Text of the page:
Increasingly, employers are using strengths-based interviews to recruit new staff. But recognising your strengths can do more than help you to succeed in a job interview. By knowing what your strengths are, you can look for ways and opportunities, to use those abilities and qualities in your job search. You will also be in a better position to look for roles and sectors that complement your strengths. You can represent yourself more authentically in the applications process.
The theory behind strengths is based on positive psychology; everyone has strengths, but many people are not sure what these are. It is a concept popularised by the American psychologist Martin Seligman.
What do we mean by strengths?
- Activities that come naturally and are energising.
- Used frequently and performed well. A mixture of your talents, knowledge and skills.
- Not just what you are good at
Strengths differ from skills – which are acquired or learnt through your experiences and activities. You have practised or trained and have become good at these. Strengths involve doing something you are good at, feeling energised when doing it and participating in it frequently.
So, a key component of a strength is that when you are doing this activity it makes you feel energised, you feel good, fulfilled and look forward to carrying out this task. Have you been told in the past that you are good at a subject for an example and have felt obliged to pursue it? Perhaps your teachers at school told you were naturally good at their subject, so you choose it as an option to study if further. If you don’t feel energised whilst you do the activity, then it is not a true strength.
How to identify your strengths
To get to know your strengths you need to pay attention to how you feel when you participate in activities such as your studies, societies, voluntary and paid work. They are all giving you clues.
You are also receiving feedback all the time from your peers, your tutors, employers, friends and family. Now is the time to start paying attention to it!
To help you further, think about how you would answer these questions:
- What does a good day look like for you?
Is it that you completed all the tasks you had set for yourself (persistence/ drive/ time management)? Did you earn the highest commission for your role that month (competitive/ driven/ persuasive?)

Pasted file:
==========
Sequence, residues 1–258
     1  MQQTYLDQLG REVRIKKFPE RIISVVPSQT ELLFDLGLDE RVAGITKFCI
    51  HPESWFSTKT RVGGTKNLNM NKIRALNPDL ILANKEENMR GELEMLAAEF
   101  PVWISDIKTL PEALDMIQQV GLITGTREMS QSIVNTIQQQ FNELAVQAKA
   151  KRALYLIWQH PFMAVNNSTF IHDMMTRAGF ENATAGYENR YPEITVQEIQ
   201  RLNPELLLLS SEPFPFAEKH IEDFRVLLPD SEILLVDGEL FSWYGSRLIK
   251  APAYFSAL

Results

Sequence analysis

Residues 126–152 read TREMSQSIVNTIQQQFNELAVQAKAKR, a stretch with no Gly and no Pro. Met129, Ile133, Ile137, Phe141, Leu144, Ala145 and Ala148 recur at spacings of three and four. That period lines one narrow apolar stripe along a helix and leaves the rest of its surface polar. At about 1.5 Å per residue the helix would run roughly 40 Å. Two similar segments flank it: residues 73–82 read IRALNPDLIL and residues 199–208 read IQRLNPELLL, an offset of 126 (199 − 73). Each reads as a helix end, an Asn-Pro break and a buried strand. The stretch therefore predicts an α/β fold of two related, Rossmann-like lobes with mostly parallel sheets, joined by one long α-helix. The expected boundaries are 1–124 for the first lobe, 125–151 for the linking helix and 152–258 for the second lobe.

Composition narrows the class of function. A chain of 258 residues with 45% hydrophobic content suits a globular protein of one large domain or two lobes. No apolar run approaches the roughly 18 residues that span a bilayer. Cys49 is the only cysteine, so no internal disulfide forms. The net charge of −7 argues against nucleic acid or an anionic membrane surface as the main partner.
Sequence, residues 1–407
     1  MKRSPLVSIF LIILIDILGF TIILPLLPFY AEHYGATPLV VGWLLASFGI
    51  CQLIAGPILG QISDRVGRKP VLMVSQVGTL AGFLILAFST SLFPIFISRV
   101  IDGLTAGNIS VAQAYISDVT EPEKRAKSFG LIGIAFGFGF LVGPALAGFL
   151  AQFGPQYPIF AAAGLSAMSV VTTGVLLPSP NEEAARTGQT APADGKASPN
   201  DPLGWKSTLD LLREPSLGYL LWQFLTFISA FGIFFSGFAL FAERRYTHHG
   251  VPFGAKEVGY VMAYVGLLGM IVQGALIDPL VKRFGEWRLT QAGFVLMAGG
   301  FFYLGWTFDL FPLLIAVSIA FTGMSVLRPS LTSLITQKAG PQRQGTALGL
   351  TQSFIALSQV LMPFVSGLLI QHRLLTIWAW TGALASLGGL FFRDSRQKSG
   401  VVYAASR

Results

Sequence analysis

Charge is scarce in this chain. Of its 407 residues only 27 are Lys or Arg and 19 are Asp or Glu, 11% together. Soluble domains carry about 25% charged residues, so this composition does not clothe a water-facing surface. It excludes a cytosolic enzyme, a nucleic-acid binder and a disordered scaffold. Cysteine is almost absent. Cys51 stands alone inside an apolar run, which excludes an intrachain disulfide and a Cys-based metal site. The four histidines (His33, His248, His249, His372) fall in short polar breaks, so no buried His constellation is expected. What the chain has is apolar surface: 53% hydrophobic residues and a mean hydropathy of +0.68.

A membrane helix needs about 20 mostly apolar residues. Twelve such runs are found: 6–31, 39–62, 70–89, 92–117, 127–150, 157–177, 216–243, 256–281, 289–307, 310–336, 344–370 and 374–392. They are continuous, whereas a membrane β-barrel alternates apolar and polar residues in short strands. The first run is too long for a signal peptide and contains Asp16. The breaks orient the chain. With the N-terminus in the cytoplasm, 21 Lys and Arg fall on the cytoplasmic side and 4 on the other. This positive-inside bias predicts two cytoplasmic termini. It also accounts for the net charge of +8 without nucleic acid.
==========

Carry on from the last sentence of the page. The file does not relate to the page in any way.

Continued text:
- What do people know you for?
Are you happy they always come to you for tech support or is this something you are good at but do not love doing? What strengths does that demonstrate? Are you a planner that organises celebrations and trips? Do your friends discuss their problems with you because you are empathetic and a good listener?
- What achievements are you most proud of?
This reveals what you value and therefore are willing to put your time and energy into. It demonstrates what you are good at; be it individual success, teamwork or customer service, for example
Strengths and Your Career
By knowing what your strengths are, you can look for ways and opportunities to use them in the workplace. You can begin to seek out roles that complement your strengths. Align your values and strengths with organisations that will give you job satisfaction and quality of life. Equally, make sure you reflect on what you DON’T want from a future career and don’t waste time “trying out” jobs to find a good fit.
In their book “The Strengths Profile” by Alex Linley and Trudy Bateman, readers are reminded that there’s no need to be a good ‘all-rounder’ or develop a “full set” of strengths. Consider what you really want to be known for in your career and pursue that goal. Linley and Bateman advise that as you make decisions daily, consider the impact you want to have, and which strengths you want your peers and others to come to you for. They recommend that you should keep ‘strength-spotting’ in yourself and recognise when you learn new skills quickly. This could be a sign of a strength in action.